Source: Eagleton-Rutgers (url)
|Candidate||Political Party||Poll||Graph||Poll Details|
|Corzine*||Democratic||39%||Poll Date: 2009-10-20|
|Christie||Republican||36%||Number Polled: 583|
|Daggett||Independent for NJ||20%||Margin of Error: 4%|
|Undecided||-||5%||Voter Type: Likely|
* = Incumbent
Corzine now 3 points ahead of Christie
By: Mark Warner 08 (G-AUT) - 2009-10-22 @ 02:16:58
Question:If the election for Governor were today and the candidates were [Names Rotated: Democrat Jon Corzine, Republican Chris Christie or Independent Chris Daggett] who would you vote for? [IF VOTE IS OTHER/DON’T KNOW/REFUSED] As of TODAY, do you LEAN more to: [Names in same order as vote question]?
Corzine (D): 39%
Christie (R): 36%
Daggett (I): 20%
About this Poll
The Rutgers-Eagleton Poll was conducted from October 15-20, 2009 with a scientifically selected random sample of 903 New Jersey adults of whom 583 were determined to be likely voters. Likely voters were defined by registration status, vote history, self reported turnout intention, and attention to the campaign. Data are weighted to represent known parameters in the New Jersey population, including age, race, and Hispanic ethnicity. All results are reported with this weighted data.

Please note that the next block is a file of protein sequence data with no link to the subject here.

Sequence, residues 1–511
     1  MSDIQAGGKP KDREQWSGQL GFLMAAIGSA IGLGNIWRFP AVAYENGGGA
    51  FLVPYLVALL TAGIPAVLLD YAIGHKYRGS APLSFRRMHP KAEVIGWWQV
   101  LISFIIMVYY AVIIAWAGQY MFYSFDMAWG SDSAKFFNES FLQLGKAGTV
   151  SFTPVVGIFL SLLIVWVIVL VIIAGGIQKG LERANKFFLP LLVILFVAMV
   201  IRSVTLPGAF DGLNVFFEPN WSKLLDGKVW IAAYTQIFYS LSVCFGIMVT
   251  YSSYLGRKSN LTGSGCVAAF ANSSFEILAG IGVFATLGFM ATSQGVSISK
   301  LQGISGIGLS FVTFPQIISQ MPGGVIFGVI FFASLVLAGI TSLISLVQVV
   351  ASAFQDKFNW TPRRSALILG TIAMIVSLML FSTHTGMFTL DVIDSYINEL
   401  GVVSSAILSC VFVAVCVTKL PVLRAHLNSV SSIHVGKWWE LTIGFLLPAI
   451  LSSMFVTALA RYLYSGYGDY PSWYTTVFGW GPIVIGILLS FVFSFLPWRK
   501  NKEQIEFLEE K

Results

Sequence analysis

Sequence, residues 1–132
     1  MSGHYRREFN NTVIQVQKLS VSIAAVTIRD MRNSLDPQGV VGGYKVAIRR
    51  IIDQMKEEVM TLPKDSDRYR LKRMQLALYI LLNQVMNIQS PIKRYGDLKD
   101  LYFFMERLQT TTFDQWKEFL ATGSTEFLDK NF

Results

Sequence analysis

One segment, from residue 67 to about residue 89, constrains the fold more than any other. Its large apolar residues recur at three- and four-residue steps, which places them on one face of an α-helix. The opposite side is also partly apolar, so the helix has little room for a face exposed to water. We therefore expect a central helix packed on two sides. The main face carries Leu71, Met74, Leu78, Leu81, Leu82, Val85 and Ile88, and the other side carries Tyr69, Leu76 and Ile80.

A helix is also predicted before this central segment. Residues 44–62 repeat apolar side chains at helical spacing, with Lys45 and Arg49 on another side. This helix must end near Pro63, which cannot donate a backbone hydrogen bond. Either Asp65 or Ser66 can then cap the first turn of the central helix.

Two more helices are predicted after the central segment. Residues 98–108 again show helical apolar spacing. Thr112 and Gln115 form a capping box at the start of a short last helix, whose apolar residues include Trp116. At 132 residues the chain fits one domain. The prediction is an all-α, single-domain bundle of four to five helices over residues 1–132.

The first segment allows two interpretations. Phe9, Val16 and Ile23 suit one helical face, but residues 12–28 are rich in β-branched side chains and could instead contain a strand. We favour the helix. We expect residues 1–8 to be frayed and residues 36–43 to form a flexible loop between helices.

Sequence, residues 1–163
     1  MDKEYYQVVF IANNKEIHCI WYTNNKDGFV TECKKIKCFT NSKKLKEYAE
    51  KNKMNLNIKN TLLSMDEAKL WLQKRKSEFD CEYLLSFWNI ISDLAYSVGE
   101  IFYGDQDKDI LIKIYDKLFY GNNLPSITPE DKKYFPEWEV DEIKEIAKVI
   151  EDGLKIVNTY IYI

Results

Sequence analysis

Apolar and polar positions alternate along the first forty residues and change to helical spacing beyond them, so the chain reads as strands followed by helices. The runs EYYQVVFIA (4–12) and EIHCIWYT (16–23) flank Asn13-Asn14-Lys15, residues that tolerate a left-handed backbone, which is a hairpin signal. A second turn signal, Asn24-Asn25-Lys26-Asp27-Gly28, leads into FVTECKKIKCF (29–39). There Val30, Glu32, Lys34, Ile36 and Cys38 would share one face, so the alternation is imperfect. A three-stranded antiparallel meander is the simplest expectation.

All surveys are subject to sampling error, which is the expected probable difference between interviewing everyone in a population versus a scientific sampling drawn from that population. The sampling error for a sample of 903 adults is +/-3.3 percent, at a 95 percent confidence interval. The sampling error for the likely voter sample reported here is +/-4.1 percent. Thus if 50 percent of New Jersey likely voters favored a particular position, one would be 95 percent sure that the true figure would be between 45.9 and 54.1 percent (50 + 4.1) had all New Jersey likely voters been interviewed, rather than just a sample. Sampling error increases as the sample size decreases, so statements based on various population subgroups are subject to more error than are statements based on the total sample. Sampling error does not take into account other sources of variation inherent in public opinion studies, such as non- response, question wording or context effects.
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